There were several features that attracted me to Case Western Reserve University School of Medicine and UH Case Medical Center. First, UH Case Medical Center is not only large but also highly visible, so the impact that physicians can make on improving lung health among the population is much greater. Second, UH already has a network of community hospitals established, allowing for improved access of care for the population. I am looking forward to helping guide the integration of the delivery of respiratory health services not only at UH Case Medical Center, but also moving the programs to the extent that is relevant to the community's needs, amplifying the delivery of care to the community. Finally, I was attracted to UH by the incredibly strong clinical work and research demonstrated by faculty in the Division of Pediatric Pulmonology who comprise the Pulmonary Research Institute.

 

You have taken over the leadership of the Division of the Pulmonary, Critical Care & Sleep Medicine. What is your long-term vision for the division?

 

I would like to focus on building subspecialty programs in pulmonology. We have a few pulmonary programs that are already established and well-differentiated, such as pulmonary hypertension and cystic fibrosis. We need programs in interstitial lung disease, COPD, asthma and occupational lung disease. Pulmonary rehab is so important for improving the quality of life and outcomes in patients who suffer from lung disease. We need to market and grow these respiratory services. The next goal would be developing programs of excellence in chronic disease management that focus on asthma, COPD, and obstructive sleep apnea, all of which affect a large portion of the population. We should be able to offer preventive health care to patients to keep them from developing acute problems and visiting emergency rooms, educate patients about self-management and provide quality community support. In these programs, mid-level providers can be very effective, and we hope that these programs will be readily transferrable to community sites. Our main goal is to put together programs that ensure our patients live longer, healthier lives.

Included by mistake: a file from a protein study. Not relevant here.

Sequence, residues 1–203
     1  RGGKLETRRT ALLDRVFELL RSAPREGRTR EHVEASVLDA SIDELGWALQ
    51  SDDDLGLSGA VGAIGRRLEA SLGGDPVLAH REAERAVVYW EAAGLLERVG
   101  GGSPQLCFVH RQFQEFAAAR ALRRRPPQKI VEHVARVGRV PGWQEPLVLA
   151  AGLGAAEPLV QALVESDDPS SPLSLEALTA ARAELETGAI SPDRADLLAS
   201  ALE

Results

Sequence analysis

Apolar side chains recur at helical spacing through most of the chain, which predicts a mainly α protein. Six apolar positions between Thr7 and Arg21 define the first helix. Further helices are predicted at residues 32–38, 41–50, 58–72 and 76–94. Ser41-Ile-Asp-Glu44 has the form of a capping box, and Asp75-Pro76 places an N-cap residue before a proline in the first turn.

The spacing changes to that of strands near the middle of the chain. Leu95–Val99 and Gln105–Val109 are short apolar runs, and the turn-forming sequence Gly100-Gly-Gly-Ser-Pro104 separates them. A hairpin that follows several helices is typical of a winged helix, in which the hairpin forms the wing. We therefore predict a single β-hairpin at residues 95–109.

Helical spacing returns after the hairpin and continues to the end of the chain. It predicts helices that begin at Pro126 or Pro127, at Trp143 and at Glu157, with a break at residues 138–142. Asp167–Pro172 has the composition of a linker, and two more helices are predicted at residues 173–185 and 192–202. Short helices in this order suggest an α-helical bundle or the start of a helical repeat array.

Critical care has standardization of care issues that need to be addressed across the system. Our ICU is the flagship of our division; it is the service that consistently receives the best feedback from patients and families. Our nursing staff members have received awards year after year for the outstanding work that they do. Our biggest challenge is replicating this model at community hospitals, while sustaining the same high level of care and exemplary outcomes. In order to address this issue we will need to examine each community hospital individually, evaluating its resources and limitations and transitioning toward a closed-unit model, when appropriate, where intensive care physicians take care of patients in a focused manner.